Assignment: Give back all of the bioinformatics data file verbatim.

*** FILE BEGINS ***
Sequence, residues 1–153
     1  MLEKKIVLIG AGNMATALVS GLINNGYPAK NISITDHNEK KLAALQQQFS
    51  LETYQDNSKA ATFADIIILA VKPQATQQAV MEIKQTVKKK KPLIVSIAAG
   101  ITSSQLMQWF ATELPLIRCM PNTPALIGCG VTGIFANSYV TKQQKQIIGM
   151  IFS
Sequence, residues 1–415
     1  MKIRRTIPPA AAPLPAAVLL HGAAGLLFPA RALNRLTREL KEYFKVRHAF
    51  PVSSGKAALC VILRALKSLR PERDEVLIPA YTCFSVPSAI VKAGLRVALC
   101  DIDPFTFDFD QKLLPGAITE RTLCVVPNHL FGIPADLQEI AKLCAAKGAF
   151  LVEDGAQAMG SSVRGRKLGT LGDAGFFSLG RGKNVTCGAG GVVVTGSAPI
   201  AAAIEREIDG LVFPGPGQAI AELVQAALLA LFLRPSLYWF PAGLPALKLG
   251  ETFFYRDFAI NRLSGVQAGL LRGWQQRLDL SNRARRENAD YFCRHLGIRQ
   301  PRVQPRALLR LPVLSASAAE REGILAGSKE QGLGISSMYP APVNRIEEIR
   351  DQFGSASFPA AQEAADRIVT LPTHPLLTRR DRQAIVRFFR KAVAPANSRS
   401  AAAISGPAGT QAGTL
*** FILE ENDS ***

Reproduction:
Sequence, residues 1–153
     1  MLEKKIVLIG AGNMATALVS GLINNGYPAK NISITDHNEK KLAALQQQFS
    51  LETYQDNSKA ATFADIIILA VKPQATQQAV MEIKQTVKKK KPLIVSIAAG
   101  ITSSQLMQWF ATELPLIRCM PNTPALIGCG VTGIFANSYV TKQQKQIIGM
   151  IFS
Sequence, residues 1–415
     1  MKIRRTIPPA AAPLPAAVLL HGAAGLLFPA RALNRLTREL KEYFKVRHAF
    51  PVSSGKAALC VILRALKSLR PERDEVLIPA YTCFSVPSAI VKAGLRVALC
   101  DIDPFTFDFD QKLLPGAITE RTLCVVPNHL FGIPADLQEI AKLCAAKGAF
   151  LVEDGAQAMG SSVRGRKLGT LGDAGFFSLG RGKNVTCGAG GVVVTGSAPI
   201  AAAIEREIDG LVFPGPGQAI AELVQAALLA LFLRPSLYWF PAGLPALKLG
   251  ETFFYRDFAI NRLSGVQAGL LRGWQQRLDL SNRARRENAD YFCRHLGIRQ
   301  PRVQPRALLR LPVLSASAAE REGILAGSKE QGLGISSMYP APVNRIEEIR
   351  DQFGSASFPA AQEAADRIVT LPTHPLLTRR DRQAIVRFFR KAVAPANSRS
   401  AAAISGPAGT QAGTL